We saw the restored version with the original Gottfried Huppertz score; the latter didn't always seem to fit too well, with pops, jumps and awkward silences, but this was I assume due either to the difficulty of fitting it to allow for the missing material, or to problems in the projection booth when running a newly-arrived print for the first time. However, the painstaking summary of the various 'missing scenes' only ended up increasing my appreciation of what a good job had been done in the editing-down in the first place! To take a single example: where the edited version conveys Freder's sudden recollection that he is supposed to be the workers' long-awaited 'mediator' via the simple juxtaposition of three shots -- the shift-change whistle announcing the meeting, the catacombs and Freder suddenly struck by an idea and rushing off -- the restoration betrays the fact that a couple of scenes of mimed dialogue were originally provided to spell out the message at painstaking length...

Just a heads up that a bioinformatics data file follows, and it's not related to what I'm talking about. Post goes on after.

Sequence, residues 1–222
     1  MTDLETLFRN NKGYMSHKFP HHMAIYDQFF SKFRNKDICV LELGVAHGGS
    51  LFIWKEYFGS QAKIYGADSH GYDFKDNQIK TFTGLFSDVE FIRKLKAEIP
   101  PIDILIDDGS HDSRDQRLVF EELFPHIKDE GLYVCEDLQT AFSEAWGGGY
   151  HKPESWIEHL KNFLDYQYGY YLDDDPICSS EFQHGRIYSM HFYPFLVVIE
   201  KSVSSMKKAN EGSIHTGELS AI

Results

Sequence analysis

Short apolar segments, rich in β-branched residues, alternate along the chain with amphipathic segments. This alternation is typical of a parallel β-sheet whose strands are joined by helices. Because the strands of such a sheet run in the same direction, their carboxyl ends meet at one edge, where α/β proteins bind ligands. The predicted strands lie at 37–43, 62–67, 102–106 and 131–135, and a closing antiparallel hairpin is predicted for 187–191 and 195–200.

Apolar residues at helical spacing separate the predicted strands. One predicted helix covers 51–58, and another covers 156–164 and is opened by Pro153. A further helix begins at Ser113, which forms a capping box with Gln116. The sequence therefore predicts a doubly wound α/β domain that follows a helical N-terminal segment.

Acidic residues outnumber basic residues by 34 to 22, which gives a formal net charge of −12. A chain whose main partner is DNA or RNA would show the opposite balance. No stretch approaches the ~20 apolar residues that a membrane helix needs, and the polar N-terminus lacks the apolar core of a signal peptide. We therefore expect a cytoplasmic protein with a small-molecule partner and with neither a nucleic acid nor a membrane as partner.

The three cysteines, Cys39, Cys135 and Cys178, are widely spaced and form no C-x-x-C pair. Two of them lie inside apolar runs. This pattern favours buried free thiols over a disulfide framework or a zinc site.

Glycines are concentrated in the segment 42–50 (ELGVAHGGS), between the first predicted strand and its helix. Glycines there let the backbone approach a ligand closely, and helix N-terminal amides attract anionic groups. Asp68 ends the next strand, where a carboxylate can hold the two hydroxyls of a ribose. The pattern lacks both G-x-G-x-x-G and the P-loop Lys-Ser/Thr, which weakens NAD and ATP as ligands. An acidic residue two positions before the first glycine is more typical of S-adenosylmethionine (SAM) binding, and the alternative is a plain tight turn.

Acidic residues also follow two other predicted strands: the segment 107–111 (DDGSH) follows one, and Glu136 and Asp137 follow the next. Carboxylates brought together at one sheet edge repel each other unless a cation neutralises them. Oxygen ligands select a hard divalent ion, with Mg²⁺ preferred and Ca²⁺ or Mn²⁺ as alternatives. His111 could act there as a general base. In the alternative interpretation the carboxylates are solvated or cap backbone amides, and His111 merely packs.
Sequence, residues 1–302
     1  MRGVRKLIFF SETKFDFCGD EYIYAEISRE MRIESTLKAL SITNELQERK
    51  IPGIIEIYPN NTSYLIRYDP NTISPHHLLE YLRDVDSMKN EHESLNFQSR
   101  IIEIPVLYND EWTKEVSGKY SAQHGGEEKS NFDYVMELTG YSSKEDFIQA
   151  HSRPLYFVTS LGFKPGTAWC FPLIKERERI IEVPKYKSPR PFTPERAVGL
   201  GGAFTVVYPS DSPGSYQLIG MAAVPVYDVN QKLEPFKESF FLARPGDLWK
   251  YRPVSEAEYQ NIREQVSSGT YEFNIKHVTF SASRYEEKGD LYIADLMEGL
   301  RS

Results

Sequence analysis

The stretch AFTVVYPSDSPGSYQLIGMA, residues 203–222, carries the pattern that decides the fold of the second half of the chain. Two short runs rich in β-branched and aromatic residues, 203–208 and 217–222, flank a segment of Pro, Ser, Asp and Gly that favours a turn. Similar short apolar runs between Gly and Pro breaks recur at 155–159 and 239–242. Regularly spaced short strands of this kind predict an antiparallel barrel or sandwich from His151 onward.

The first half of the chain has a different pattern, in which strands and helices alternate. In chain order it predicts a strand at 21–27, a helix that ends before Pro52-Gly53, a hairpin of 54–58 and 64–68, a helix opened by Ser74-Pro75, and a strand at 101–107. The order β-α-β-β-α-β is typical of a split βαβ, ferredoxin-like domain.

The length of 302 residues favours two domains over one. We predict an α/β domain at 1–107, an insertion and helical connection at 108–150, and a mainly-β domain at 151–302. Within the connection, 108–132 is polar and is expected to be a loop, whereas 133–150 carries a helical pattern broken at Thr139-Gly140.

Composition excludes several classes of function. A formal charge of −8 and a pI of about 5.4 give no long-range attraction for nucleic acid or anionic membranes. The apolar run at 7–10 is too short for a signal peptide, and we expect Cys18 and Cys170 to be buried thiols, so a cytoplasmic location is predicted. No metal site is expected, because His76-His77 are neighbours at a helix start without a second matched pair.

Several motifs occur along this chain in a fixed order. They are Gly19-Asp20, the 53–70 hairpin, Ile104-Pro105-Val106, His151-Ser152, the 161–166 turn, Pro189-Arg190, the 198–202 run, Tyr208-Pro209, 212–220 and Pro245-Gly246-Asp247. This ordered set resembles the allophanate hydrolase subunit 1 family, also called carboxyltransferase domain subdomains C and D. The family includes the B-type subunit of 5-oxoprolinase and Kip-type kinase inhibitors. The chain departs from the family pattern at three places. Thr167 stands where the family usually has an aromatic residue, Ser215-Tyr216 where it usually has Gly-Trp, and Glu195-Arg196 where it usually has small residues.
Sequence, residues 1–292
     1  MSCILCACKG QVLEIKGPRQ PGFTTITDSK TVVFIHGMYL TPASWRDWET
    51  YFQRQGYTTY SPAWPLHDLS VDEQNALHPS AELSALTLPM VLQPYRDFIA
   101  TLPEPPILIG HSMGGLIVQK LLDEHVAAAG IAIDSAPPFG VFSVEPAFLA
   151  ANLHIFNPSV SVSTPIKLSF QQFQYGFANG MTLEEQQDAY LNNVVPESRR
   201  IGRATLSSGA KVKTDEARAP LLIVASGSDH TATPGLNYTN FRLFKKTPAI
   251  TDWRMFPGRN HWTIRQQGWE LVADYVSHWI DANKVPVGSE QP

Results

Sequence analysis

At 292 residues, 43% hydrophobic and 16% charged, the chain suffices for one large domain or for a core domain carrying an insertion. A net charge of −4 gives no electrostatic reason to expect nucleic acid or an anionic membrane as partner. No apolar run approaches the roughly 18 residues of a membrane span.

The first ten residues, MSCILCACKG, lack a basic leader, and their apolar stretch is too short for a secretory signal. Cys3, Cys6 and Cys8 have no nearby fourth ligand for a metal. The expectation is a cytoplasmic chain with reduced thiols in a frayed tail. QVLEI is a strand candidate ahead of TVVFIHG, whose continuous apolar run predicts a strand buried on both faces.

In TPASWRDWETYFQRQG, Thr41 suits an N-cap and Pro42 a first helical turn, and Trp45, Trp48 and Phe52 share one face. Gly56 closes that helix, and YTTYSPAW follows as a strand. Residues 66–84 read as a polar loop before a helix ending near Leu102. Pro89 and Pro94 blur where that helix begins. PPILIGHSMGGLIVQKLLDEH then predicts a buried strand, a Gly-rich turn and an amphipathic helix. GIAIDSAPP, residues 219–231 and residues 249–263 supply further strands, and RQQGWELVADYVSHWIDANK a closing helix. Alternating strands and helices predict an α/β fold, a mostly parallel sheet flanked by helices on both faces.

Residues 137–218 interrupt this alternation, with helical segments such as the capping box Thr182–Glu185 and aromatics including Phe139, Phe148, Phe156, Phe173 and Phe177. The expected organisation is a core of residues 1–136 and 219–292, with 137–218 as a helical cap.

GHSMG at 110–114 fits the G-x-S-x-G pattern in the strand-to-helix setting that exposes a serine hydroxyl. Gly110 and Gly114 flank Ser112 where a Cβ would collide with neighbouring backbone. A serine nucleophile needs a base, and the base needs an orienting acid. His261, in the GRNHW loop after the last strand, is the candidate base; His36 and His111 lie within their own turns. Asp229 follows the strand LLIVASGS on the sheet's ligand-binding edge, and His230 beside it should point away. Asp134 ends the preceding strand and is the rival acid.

It is interesting to see how it was done, but most of the cuts are either an improvement or a very clever abridgement, and by and large I didn't feel that what was omitted had been any great loss. In fact, frankly I felt that the film was in need of further editing at certain points, such as Rotwang's pursuit of Maria through the catacombs. She screams, and runs, and screams, and runs, and is pursued by a searchlight effect; it's clever, self-consciously clever, the first couple of times, but the repetition becomes tedious to the point of caricature. Plot infelicities abound in increasing numbers, culminating in the infamous 'Hunchback of Notre Dame'-style ending where the mad scientist carries off the girl across the roof of the cathedral hotly pursued by Our Hero, which raised giggles, in a hitherto serious and respectful audience, with which I couldn't help but sympathise.